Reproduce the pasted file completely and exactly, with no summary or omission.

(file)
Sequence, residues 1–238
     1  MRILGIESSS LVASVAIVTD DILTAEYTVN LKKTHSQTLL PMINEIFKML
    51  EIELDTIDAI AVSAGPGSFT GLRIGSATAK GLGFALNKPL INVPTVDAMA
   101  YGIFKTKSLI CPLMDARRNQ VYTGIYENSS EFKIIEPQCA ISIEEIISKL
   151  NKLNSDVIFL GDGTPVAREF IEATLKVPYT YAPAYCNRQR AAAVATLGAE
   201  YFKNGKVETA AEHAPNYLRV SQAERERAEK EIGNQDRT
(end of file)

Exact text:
Sequence, residues 1–238
     1  MRILGIESSS LVASVAIVTD DILTAEYTVN LKKTHSQTLL PMINEIFKML
    51  EIELDTIDAI AVSAGPGSFT GLRIGSATAK GLGFALNKPL INVPTVDAMA
   101  YGIFKTKSLI CPLMDARRNQ VYTGIYENSS EFKIIEPQCA ISIEEIISKL
   151  NKLNSDVIFL GDGTPVAREF IEATLKVPYT YAPAYCNRQR AAAVATLGAE
   201  YFKNGKVETA AEHAPNYLRV SQAERERAEK EIGNQDRT